National Pulse

Gaming the System? Inside the 'Texas two-step' strategy profitable companies use to file for bankruptcy

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Attorney Leigh O’Dell is strongly opposed to Johnson & Johnson’s attempt to halt thousands of civil claims over liability for its products by moving them from civil to bankruptcy court.

O’Dell says the otherwise solvent health care company’s use of a Texas law to place one of its subsidiaries in bankruptcy is “just wrong.”

“It undermines a plaintiff’s ability to vindicate their rights in the court system and the fundamental right to trial by jury,” says the Beasley Allen shareholder, who represents thousands of women alleging J&J’s baby powder or talc products have given them ovarian cancer.

And O’Dell is not the only lawyer crying foul. Others argue that otherwise solvent companies and other organizations are misusing the bankruptcy courts to shield their assets and avoid accountability in civil court. In recent years, Purdue Pharma, USA Gymnastics and Boy Scouts of America also have filed for Chapter 11 bankruptcy to avoid civil liability.

But it is J&J’s use of a 1989 Texas statute on divisive mergers that is facing scrutiny in federal courts and in Congress. Some lawmakers want to end the use of the legal move nicknamed the “Texas two-step.” The law allows a company to incorporate in Texas, restructure with a “divisive merger” and split into two or more entities. The company is then free to file for bankruptcy in the jurisdiction of its choosing. Delaware has a similar law.

In 2021, J&J used the Texas law to spin off a subsidiary facing the litigation, Johnson & Johnson Consumer Inc., into two new business entities. In one of the new entities, J&J placed all of the subsidiary’s liabilities related to talc. It put the subsidiary’s nontalc assets and liabilities in the other. The new entity saddled with the liabilities, LTL Management, then filed for bankruptcy, putting more than 35,000 claims against J&J in civil court on hold. In some cases, plaintiffs with cancer were about to go to trial, O’Dell says.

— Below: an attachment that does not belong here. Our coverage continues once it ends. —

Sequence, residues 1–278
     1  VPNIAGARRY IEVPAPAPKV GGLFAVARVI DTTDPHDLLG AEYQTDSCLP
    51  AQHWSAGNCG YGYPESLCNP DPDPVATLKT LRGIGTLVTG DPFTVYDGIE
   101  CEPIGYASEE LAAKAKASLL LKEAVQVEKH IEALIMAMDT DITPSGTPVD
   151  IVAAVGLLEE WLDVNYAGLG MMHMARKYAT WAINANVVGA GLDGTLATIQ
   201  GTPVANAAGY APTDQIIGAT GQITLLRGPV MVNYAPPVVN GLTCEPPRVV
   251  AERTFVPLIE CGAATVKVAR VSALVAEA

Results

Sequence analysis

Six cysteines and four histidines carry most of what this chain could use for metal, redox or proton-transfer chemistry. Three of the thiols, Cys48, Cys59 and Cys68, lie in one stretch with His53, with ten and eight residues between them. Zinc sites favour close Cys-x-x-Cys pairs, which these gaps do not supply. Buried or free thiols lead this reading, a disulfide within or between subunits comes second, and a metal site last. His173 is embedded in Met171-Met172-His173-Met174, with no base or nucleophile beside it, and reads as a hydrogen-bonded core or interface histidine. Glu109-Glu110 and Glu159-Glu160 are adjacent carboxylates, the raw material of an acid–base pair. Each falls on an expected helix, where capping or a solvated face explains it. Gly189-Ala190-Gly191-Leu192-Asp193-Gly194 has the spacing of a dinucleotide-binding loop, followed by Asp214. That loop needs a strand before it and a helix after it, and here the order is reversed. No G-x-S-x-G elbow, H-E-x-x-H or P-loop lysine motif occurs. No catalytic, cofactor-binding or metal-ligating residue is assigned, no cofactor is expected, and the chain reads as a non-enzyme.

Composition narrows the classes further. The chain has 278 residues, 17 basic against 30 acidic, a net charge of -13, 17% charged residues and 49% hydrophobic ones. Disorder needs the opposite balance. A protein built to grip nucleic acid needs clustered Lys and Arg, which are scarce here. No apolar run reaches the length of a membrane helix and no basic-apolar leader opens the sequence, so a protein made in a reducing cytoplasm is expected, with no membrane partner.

Critics have likened this maneuver to a fraudulent transfer, though Texas law makes it legal. But other legal experts say it protects companies with mass tort liabilities from crumbling under potentially unforeseen and insurmountable litigation costs.

Fair play?

O’Dell has won more than $2.9 billion in damages for five women in suits against J&J. She says the company is trying to cap its financial exposure, allowing it to reap all the benefits of bankruptcy without the disadvantages.

“You’re talking about Johnson & Johnson having a credit rating that’s equaled by Microsoft. It’s better than the U.S. government’s,” O’Dell says. “When you have this separation of liabilities from the assets that would have been available to a plaintiff in litigation, that is undermining the plaintiff’s claim and ability to recover.”

Paul H. Zumbro, a bankruptcy attorney with Cravath, Swaine & Moore, understands that people with pending civil cases will feel aggrieved. He likens plaintiffs in jury trials to people in a lottery, where some win big money verdicts and others walk away empty-handed. That can’t happen in a bankruptcy, Zumbro says, adding that in some cases, the bankruptcy system is a fairer and more efficient way to resolve mass tort cases. “There’s a fundamental principle of bankruptcy that everybody is entitled to the same recovery.”

University of Georgia School of Law professor Lindsey Simon wrote a paper published in the Yale Law Journal this year called “Bankruptcy Grifters” about how more companies are turning to bankruptcy courts to resolve mass tort litigation. She agrees there are upsides for both creditors and debtors.

“Bankruptcy courts are designed to maximize value and distribute things as fairly as possible,” Simon says. “While the individual’s voice is small, I challenge people to say how much of a voice they have in a mass tort case. I suggest it’s not that big.”

And corporate bankruptcy expert Anthony J. Casey of the University of Chicago Law School notes that J&J has said it will provide funding for plaintiff-creditors based on a bankruptcy court’s determination of how much the subsidiaries are liable for. LTL also will create a $2 billion trust.

“That makes this merger not a fraudulent transfer and really leaves the creditors no worse off. In one sense, they’re better off because now they have an automatic promise that Johnson & Johnson will back the payment,” Casey argues.

Regulation question